THE WALL STREET JOURNAL: ConocoPhillips Drops Controversial Oil Reserves Figure: “In the latest accounting change by a large oil company involving oil reserves, ConocoPhillips (COP) said Friday it will no longer report the average cost of new production to the Securities and Exchange Commission.”: “Several companies have announced accounting changes since the Shell scandal broke.” (ShellNews.net) Posted 4 Dec 04
By JOHN M. BIERS
Of DOW JONES NEWSWIRES
HOUSTON -- In the latest accounting change by a large oil company involving oil reserves, ConocoPhillips (COP) said Friday it will no longer report the average cost of new production to the Securities and Exchange Commission.
The figure, known within the industry as the "finding and development cost," is a closely-watched benchmark for evaluating a company's comparative success in finding low-cost reserves. The change reflects the SEC's concern that company-generated calculations can mislead investors, experts said.
ConocoPhillips did not respond to messages late Friday afternoon after the filing was announced. SEC officials could not be reached.
ConocoPhillips is shelving the number "because this metric may not necessarily represent total finding and development costs for projects under way or may not be indicative of expected future finding and development costs," the company said.
Like other leading companies, ConocoPhillips has frequently boasted low finding and development costs. The figure was among the most prominent in a February 2004 company news release announcing last year's results which quoted a company executive calling 2003 "a very successful" year. The news release said ConocoPhillips averaged $5.35 per barrel of oil equivalent for 2003 and had a five year average of $4.29 per barrel.
The SEC doesn't require the calculation and hasn't issued guidelines on reporting finding and development costs, experts said. Depending on what data is used over what period, Wall Street analysts and others sometimes come up with significantly different figures. Consultant John S. Herold estimated ConocoPhillips' 2003 finding and development costs at $5.63 per barrel and its three-year average at $9.17. The industry average was $7.17 for 2003 and $6.63 over three years, according to the Herold report.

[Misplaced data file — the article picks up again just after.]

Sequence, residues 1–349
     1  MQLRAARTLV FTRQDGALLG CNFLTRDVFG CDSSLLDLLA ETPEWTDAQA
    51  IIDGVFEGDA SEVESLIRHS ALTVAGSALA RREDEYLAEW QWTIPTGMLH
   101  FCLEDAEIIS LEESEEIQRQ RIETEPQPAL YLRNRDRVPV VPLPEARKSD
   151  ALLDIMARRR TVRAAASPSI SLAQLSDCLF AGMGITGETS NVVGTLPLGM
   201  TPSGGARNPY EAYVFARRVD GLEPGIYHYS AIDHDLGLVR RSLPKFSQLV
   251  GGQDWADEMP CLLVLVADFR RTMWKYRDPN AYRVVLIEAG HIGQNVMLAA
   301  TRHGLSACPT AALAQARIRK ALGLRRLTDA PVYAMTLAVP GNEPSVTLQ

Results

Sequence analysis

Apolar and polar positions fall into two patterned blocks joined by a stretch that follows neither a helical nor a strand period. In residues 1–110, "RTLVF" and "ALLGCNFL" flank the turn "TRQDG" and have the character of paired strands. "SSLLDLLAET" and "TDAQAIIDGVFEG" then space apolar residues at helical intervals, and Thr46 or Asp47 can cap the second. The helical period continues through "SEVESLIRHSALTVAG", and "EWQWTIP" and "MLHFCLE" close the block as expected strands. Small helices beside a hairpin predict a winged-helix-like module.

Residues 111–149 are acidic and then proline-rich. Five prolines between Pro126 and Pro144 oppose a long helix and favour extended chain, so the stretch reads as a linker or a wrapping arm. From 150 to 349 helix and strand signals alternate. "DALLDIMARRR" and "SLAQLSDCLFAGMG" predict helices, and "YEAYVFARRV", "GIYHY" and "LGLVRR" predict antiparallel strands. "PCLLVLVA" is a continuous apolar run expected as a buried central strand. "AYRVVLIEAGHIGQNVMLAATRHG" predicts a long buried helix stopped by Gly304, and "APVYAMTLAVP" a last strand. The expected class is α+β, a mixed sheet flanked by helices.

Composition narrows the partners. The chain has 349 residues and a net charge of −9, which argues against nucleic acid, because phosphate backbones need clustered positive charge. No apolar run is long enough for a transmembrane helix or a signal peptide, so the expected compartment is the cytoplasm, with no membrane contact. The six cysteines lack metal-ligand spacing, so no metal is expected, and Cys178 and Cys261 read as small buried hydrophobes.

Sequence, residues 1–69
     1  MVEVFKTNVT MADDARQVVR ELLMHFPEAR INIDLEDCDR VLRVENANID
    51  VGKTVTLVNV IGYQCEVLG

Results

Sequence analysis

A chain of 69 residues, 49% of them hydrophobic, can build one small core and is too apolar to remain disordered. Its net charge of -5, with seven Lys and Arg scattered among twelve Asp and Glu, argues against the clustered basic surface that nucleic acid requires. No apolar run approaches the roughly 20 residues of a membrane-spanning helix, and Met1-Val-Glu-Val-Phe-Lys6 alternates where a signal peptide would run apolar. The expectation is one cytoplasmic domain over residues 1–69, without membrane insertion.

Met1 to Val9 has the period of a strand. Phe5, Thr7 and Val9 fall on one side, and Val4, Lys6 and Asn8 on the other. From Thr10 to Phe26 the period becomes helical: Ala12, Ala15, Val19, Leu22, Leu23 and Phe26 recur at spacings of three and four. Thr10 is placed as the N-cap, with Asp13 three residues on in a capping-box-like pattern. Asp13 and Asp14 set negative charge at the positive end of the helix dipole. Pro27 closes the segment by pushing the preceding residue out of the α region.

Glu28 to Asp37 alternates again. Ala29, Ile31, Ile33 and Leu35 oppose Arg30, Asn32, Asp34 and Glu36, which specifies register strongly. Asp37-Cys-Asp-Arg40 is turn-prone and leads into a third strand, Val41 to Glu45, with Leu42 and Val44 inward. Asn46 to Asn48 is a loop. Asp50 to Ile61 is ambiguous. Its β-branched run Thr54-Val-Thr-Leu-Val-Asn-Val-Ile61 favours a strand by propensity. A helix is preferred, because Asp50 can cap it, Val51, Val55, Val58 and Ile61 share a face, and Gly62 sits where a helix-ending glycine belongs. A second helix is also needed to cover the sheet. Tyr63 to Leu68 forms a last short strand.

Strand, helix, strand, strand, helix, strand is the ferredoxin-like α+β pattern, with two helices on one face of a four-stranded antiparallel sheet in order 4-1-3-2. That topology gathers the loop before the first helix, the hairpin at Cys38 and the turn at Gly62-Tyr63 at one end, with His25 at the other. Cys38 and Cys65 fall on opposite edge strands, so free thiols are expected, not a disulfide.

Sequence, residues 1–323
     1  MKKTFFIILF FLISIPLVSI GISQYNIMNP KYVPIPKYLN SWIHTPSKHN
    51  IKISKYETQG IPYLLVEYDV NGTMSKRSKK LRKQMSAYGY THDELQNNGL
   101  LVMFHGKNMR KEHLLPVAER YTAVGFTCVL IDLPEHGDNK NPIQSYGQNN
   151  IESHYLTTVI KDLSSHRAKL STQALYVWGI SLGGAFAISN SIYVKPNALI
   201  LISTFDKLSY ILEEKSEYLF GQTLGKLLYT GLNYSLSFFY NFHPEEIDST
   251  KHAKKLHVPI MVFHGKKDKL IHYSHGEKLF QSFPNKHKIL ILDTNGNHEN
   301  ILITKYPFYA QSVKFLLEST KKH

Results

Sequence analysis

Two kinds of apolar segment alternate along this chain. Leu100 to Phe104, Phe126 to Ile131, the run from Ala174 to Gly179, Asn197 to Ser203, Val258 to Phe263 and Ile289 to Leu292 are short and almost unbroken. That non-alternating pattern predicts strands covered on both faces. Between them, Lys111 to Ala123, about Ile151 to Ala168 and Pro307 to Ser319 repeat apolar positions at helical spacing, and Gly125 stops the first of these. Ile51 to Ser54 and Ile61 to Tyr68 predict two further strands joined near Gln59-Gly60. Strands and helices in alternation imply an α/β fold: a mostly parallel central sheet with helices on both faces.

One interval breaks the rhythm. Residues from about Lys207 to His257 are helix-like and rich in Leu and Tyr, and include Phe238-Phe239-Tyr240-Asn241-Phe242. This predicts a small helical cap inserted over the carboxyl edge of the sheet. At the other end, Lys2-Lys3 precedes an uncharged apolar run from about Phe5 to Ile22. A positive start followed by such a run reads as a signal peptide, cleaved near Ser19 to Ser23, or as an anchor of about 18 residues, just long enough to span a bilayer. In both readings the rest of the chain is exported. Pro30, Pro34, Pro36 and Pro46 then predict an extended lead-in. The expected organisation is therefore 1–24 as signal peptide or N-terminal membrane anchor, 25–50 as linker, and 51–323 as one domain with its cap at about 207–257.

Outside analysts will still be able to calculate this figure based on other data submitted by ConocoPhillips to the SEC, but the change announced Friday means ConocoPhillips won't report company-generated numbers.
In recent months, the SEC has been questioning companies about the benchmark as part of a stepped-up oversight campaign in the aftermath of the large reserve downgrade by Royal Dutch/Shell (RD,SC), said Scott Rees, president of Netherland, Sewell and Associates Inc., a Dallas consultant specializing in oil reserves accounting.
"The SEC is concerned that it is not really a true reflection of the costs," Rees said.
New Canadian securities regulations require companies to include the future capital costs of developing reserves, which raises the costs.
Individual U.S. companies are hesitant to include these costs unless the whole industry is forced to. As a result, most companies will probably drop the calculation rather than adopt a standard that makes them look bad next to their peers, Rees said.
Several companies have announced accounting changes since the Shell scandal broke. ChevronTexaco Corp. (CVX) recently said it would change its methodology for booking reserves based on commodity prices. A number of smaller companies, including Anadarko Petroleum Corp. (APC) and Kerr-McGee Corp. (KMG) have hired independent consultants to evaluate their procedures.
-By John M. Biers, Dow Jones Newswires; 713-547-9214; email@example.com